Anxiety follows a good time. Why?

I was asked this question by a client recently. She suffers from panic attacks, usually at home and in situations which shouldn’t (in her mind) be a cause for any anxiety. This has reached the point where she sometimes avoids good things because of her fear of having an attack later. This pattern is one I see both in my Central Cambridge and my Trumpington Practice.GEDC1747.JPG

As well as giving a massage using oils which help with anxiety we also talked about some of the things she had been taught about dealing with her panic attacks. Mindfulness exercises had been suggested including concentrating on her breathing. However judgements made her give this up because she thought she was no good at them.

What went wrong? Well as someone who has taught mindfulness to others over many years before leaving the NHS I quickly discovered that my client had not been taught what to do if her mind did wander. The thing to do is to on noticing that one has started to daydream or think about something else, just notice it and return to concentrating on one’s breath (or other mindfulness exercise.) Mindfulness is not a competition! The exercise is about returning to full concentration on noticing that it has gone. There is nothing wrong about having one’s mind wander!

As to the question about why a panic attack often follows feeling good the clue is in the research on the body’s response to anxiety. Thy physiological response, including raised pulse rate, the chemical changes etc to anxiety is exactly the same as the body’s response to excitement. The only difference is the label that we put on the sensations.

At first this doesn’t make much sense unless we look at some examples where the two sensations where the dividing line between the two is very thin. A white knuckle ride at a theme park is one example. Is it fear or excitement? The same is true of a difficult ski run.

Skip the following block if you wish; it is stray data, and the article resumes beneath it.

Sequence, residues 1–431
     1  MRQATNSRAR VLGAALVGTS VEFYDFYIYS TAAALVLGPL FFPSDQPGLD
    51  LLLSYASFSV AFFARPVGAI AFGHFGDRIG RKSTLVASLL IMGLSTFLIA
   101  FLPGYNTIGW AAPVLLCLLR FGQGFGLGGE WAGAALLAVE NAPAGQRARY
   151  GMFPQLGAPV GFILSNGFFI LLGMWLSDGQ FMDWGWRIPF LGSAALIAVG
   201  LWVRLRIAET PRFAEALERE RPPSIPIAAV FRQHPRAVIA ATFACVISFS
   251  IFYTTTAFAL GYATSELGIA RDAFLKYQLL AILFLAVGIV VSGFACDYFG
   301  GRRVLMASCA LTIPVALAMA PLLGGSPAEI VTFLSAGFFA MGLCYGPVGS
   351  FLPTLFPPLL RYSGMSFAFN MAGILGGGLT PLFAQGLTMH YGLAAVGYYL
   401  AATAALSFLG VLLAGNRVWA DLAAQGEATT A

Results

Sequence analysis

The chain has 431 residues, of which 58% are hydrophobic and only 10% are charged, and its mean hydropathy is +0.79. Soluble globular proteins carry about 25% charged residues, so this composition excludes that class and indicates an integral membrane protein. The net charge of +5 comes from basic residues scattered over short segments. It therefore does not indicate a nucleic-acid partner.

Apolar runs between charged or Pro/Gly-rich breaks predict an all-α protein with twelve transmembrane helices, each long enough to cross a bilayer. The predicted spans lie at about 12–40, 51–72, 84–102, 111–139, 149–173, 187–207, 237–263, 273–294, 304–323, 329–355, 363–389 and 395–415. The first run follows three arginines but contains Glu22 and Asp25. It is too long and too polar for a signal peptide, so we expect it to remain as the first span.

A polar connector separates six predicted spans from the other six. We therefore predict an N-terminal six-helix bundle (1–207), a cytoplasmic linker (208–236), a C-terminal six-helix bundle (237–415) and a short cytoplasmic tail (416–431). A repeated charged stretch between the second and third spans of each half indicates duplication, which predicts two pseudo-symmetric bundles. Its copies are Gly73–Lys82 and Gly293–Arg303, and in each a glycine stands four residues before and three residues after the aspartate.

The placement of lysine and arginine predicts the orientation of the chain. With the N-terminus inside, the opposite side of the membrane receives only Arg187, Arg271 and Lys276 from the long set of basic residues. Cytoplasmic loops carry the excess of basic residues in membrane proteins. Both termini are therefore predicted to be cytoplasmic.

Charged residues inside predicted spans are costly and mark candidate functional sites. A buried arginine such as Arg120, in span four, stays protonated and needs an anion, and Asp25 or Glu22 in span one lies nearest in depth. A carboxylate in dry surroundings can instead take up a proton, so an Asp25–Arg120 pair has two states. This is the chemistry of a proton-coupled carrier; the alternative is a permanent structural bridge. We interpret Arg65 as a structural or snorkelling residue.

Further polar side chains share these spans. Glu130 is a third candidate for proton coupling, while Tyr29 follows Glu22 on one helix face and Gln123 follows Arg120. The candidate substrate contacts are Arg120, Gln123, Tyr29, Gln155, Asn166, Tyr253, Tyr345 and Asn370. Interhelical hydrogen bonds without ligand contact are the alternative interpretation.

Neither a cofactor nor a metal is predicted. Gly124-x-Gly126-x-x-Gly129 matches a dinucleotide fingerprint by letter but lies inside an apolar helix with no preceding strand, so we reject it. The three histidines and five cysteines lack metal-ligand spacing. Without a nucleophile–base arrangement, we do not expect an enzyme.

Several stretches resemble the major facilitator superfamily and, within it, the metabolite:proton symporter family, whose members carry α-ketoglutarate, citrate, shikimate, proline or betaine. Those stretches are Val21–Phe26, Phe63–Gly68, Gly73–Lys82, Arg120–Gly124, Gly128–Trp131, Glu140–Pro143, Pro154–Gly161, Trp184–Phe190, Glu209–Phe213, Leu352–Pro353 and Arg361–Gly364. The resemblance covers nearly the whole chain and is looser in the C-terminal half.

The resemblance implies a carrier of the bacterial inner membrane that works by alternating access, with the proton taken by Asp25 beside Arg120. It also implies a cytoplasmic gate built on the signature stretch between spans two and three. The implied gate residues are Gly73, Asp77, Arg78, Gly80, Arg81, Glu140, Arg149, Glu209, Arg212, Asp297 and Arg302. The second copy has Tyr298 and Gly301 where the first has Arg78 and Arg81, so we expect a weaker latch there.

A friend of mine who used to be an Olympic gymnast at one point could not do a good performance with an audience of less than about five thousand. With this number his adrenaline levels got up to the level he needed!

Of course another factor is that fear of panic attacks makes them more likely so work on realising that panic attacks do not kill or whatever her fear behind them is will also be important.

Mindfulness is important for me as a practitioner too and when working I too have to notice if my mind does ever wander and bring it back to my client and their needs. This helps me to stay more focussed and to improve the quality of massage I can give.

To book an aromatherapy massage for anxiety or any other reason

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3 responses to “Anxiety follows a good time. Why?

  1. that’s one of the most interesting things I’ve learned about meditation and mindfulness in the last few months — how it’s *okay* for the mind to wander, as long as you try to calmly bring it back to the present. forcing it to be blank is counter-productive. totally a new concept for me.

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